He should’ve been a cowboy. He should’ve learned to rope and ride. But he didn’t. Toby Keith learned instead how to sing and to write and to perform.
He was so good at it that when he sang “How Do You Like Me Now?!” (about how an old girlfriend who never thought he would make it gets to hear him every morning on the radio), one couldn’t help but feel there might be a real story behind it. After decades of playing on country stations around the nation, Keith died this week of cancer. Lots could be said about his life and craft, but what strikes me is that he just might remind us of why we need the Psalms.
When people think of Toby Keith—especially those who don’t actually listen to his kind of music—they typically think of one song: “Courtesy of the Red, White and Blue (The Angry American),” which went to the top of the charts after the jihadist terrorist attacks on the US on September 11, 2001. Keith sang:
Now this nation that I love has fallen under attack
A mighty sucker punch came flyin’ in from somewhere in the back
Soon as we could see clearly through our big black eye
Man, we lit up your world like the Fourth of July.
The song builds in defiance:
Hey, Uncle Sam, put your name at the top of his list
And the Statue of Liberty started shakin’ her fist
And the eagle will fly, man, it’s gonna be hell
When you hear Mother Freedom start ringin’ her bell
And it feels like the whole wide world is raining down on you
Oh, brought to you courtesy of the Red, White and Blue.
I was embarrassed by how much I loved that song. After all, though I was as hawkish as one could get on an American response to al-Qaeda (and I haven’t changed my mind on that at all), the song does not fit easily—if at all—with a Christian vision of reality.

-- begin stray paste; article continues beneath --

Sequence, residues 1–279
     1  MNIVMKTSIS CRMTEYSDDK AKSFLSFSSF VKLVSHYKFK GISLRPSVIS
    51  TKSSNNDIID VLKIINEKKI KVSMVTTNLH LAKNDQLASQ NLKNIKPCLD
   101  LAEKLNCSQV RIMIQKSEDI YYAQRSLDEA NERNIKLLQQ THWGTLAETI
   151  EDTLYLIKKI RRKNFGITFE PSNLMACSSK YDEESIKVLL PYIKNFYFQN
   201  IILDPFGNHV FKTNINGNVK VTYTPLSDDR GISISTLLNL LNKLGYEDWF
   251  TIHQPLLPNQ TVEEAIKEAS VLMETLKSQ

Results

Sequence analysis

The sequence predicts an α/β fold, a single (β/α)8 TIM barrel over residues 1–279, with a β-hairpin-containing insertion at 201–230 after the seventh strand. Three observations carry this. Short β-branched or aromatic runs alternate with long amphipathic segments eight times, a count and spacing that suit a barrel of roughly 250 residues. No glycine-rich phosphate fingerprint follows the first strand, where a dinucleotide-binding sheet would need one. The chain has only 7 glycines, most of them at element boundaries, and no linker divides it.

Even those of us who believe in the just-war circumstances under which war is permissible recognize that war is always awful. Even in circumstances in which one believes that a state is justified to take a human life, no one can or should rejoice in that.
But I’ll bet I played the song a thousand times, and I couldn’t help but sing it out loud, at least when I was in the car by myself.
I realized this when that song found itself once again on my personal playlist. I never stopped listening to Toby Keith, and his songs filled my playlist in the years following 9/11: “Old School,” “New Orleans,” “My List.” Even though I was the chief policy lobbyist for the Southern Baptist Convention, I couldn’t help but sing along with “I Love This Bar” (also alone in my car). When I left the SBC, I told friends, quoting Toby, “I wish I didn’t know now what I didn’t know then.”
But “The Angry American” didn’t make my list. Even so, I heard myself humming it—almost reflexively, and to the surprise of my conscious mind—on January 6, 2021, watching the US Capitol being attacked by a lawless mob. I realized then that the song wasn’t really about foreign policy or counterterrorism. It was about anger.